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You have planned your whole wedding; flowers, favors, even the guest signs for the bathroom but did you know that it’s crucial to have a wedding timeline?

A wedding timeline will help keep your wedding day running smooth. The day can get away from you if you don’t have specific times and deadlines for the next “event”.

That’s where I come in! I can help you make the perfect wedding timeline.

You may also have a wedding coordinator make this timeline for you but they should get in touch with the photographer to make sure they are leaving the right amount of time to take photos.

In my experience, I have had coordinators create a timeline, and 99% of the time, it needed to be changed. The only person who knows how much time the photographer needs – is the photographer. All photographers and weddings are different; so a one size fits all wedding timeline won’t cut it.

Here are a few things to consider when making your wedding timeline with your photographer and/or coordinator.

Drive Time

This is the most important that often gets overlooked. You may want to analyze your wedding with these questions; is your wedding in the country or the big city? What season is my wedding and will the roads be bad? Are we getting ready at the venue? Give yourself enough time to travel, plan for unexpected travel delays, and delays made by the bridal party while trying to leave. The more drive time you have, the less time you have for other important things, like portraits! Getting ready at the venue is the most ideal option (if they have a bridal suite) or you can find a nearby hotel.


If you chose a natural light – lifestyle photographer, like myself, then photos won’t take very long. If your photographer uses a lot of artificial light (off-camera lights on stands, usually) then they may need more time to get their specific posed photos. It usually takes me 30 minutes for each “event” or less. We can talk about what “events” mean at the end of this post.

Ceremony Length

As I know, the length of your ceremony usually depends on your beliefs. Catholic Wedding Masses usually take an hour but may also take only 30 minutes if they don’t include communion. If your wedding timeline needs some work to save time you may want to look at your ceremony length but please don’t stray from your roots just to save us vendors time. We will work with you and want to keep your wedding as sentimental as possible.

Receiving Line

This is a detail that means a lot to my brides and grooms but often it does take up a good chunk of your day – 30 minutes or more to be exact! This usually takes place after the ceremony so your family and friends can congratulate you. Or (the option I like best) if you have a first look you can attend your cocktail hour and greet your guests there! Lastly, a receiving line/greet may take place during dinner. Dinner is the photographers’ downtime or time for detail shots so it works perfectly to add this event during dinner to save everyone time since it is rarely photographed unless asked for.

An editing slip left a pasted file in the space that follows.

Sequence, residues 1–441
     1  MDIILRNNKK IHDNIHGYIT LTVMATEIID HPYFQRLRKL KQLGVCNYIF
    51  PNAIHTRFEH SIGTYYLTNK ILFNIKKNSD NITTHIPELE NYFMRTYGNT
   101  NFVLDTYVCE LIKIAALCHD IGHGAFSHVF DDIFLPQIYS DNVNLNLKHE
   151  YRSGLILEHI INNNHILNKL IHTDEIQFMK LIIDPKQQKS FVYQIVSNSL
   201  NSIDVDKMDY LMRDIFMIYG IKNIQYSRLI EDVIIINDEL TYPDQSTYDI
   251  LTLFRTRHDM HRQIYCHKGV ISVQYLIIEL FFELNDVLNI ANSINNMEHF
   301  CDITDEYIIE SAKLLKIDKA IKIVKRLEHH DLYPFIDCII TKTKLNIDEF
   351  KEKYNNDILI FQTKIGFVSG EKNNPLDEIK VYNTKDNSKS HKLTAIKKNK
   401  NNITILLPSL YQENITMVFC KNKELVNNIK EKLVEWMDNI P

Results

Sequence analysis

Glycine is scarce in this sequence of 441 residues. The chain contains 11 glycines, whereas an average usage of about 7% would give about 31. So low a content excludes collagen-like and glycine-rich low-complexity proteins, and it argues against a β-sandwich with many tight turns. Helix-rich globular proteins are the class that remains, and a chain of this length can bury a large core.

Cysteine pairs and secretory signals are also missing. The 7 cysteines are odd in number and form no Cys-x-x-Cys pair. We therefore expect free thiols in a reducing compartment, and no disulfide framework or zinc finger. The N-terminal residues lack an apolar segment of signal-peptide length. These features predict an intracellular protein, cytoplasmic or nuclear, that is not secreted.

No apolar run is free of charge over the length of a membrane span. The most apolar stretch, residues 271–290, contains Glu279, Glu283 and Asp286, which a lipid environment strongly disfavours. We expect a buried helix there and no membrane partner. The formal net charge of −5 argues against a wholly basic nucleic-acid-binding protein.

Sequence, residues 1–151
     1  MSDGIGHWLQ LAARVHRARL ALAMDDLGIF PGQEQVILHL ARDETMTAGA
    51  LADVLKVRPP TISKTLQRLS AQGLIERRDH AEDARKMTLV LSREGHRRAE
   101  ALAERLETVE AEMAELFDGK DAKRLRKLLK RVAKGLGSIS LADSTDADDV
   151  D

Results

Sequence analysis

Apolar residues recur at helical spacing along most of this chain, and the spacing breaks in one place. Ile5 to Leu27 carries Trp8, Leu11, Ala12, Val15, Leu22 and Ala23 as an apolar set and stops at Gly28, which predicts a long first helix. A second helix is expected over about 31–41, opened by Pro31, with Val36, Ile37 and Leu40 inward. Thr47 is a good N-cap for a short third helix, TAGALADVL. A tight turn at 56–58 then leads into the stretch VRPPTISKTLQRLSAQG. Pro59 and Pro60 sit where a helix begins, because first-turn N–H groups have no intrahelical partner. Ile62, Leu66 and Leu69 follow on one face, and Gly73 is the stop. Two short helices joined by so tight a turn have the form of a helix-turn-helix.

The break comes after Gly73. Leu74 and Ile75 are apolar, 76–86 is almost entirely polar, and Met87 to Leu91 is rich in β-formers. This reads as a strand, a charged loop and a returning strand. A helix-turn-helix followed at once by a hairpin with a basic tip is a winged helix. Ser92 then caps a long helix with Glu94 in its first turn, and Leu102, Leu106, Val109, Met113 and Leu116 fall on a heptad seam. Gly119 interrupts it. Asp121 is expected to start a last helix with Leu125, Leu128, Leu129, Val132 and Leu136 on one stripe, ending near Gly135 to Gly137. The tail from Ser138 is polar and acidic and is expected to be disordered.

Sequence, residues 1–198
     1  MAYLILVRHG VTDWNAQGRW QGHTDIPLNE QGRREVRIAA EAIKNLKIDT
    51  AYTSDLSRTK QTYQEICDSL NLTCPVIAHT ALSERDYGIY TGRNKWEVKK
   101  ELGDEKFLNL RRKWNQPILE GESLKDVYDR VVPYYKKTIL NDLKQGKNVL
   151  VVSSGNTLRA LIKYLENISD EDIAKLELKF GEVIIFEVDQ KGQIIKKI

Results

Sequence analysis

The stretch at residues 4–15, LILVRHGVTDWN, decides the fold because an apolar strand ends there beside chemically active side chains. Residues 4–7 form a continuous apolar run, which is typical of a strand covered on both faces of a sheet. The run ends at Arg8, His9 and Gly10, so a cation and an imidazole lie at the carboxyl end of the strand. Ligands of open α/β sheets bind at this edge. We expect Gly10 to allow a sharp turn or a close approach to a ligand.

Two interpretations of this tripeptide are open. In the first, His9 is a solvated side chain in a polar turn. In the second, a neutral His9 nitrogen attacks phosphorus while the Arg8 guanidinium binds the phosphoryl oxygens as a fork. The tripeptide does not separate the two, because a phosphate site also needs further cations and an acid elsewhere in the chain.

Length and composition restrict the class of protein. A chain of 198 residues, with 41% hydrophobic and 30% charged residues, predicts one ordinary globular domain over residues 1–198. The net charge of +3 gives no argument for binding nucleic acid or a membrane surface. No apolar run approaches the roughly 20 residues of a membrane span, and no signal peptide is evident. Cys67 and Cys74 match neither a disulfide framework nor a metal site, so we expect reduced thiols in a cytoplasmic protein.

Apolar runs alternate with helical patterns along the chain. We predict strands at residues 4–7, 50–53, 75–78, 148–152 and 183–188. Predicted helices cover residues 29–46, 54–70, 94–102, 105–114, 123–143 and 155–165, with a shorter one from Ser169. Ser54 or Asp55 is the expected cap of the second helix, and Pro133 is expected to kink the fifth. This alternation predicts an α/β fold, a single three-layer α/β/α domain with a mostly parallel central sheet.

Day Light Savings Time

I ran into this issue the first year I photographed a wedding. It was early winter and I didn’t think that the sun going down at 4:30 PM would affect the wedding so much. A rookie mistake but it is one I will never forget. Maybe that’s why I stick to a timeline now (wink wink). If you are having a wedding later in the year with a later ceremony time you will most definitely need a first look!! Notice, I said NEED. You will need to have a first look so you can get portraits while there is still sun remaining. So if you are superstitious you will need to talk this one out and change your whole wedding accordingly. The way to get around a first look in the winter is to have an early ceremony start time to accommodate the sunlight that’s remaining in the day.

Reception Events

You will want to think about which events need to be photographed during your reception. I have had a mix of brides that wanted the entire reception captured from the entrance to sparkler exit and some that only wanted the important dances captured. If you won’t be needing full reception coverage I recommend having those photographable moments first. There is no wrong way to go here it is all personal preference. What’s important to you is important to me!

To Exit or not Exit?

The Epic Sparkler Exit is really popular right now with all wedding types. Did you know that some (if not all) of these are “fake” exits just for a photo op? YUP! Most couples are not really leaving right after their exit or ending their reception party. You can add this exit anywhere in your wedding timeline for more epic photos! I personally love them because it gets your guests up out of their chairs and they get to be apart of your bridal portraits. You can also have this “staged” sparkler exit with just your bridal party and that will add to your aesthetic because they already match your wedding, unlike cousin Jessica in a bright orange mini dress.

Now, let’s take a look at what an ideal timeline looks like for me; with a first look and without. Feel free to download these and share them with whoever is creating your timeline to have a solid start.

First, a real timeline used just last November 2020

Real Wedding Cincinnati

Next, a timeline with a first look.

Wedding Timeline

And, a timeline without the first look. Notice how this drastically changes the ceremony time from 6 PM to 4:30 PM. Having an earlier wedding ceremony also leaves questionable time for your guests before the reception. They have 2 hours of nothing to do. It’s best to add in a cocktail hour or adjust your ceremony time to keep things rolling for them.

Wedding Timeline

I hope this helps you with your wedding timeline. If you ever need guidance I know your photographer and wedding coordinator will gladly help you!

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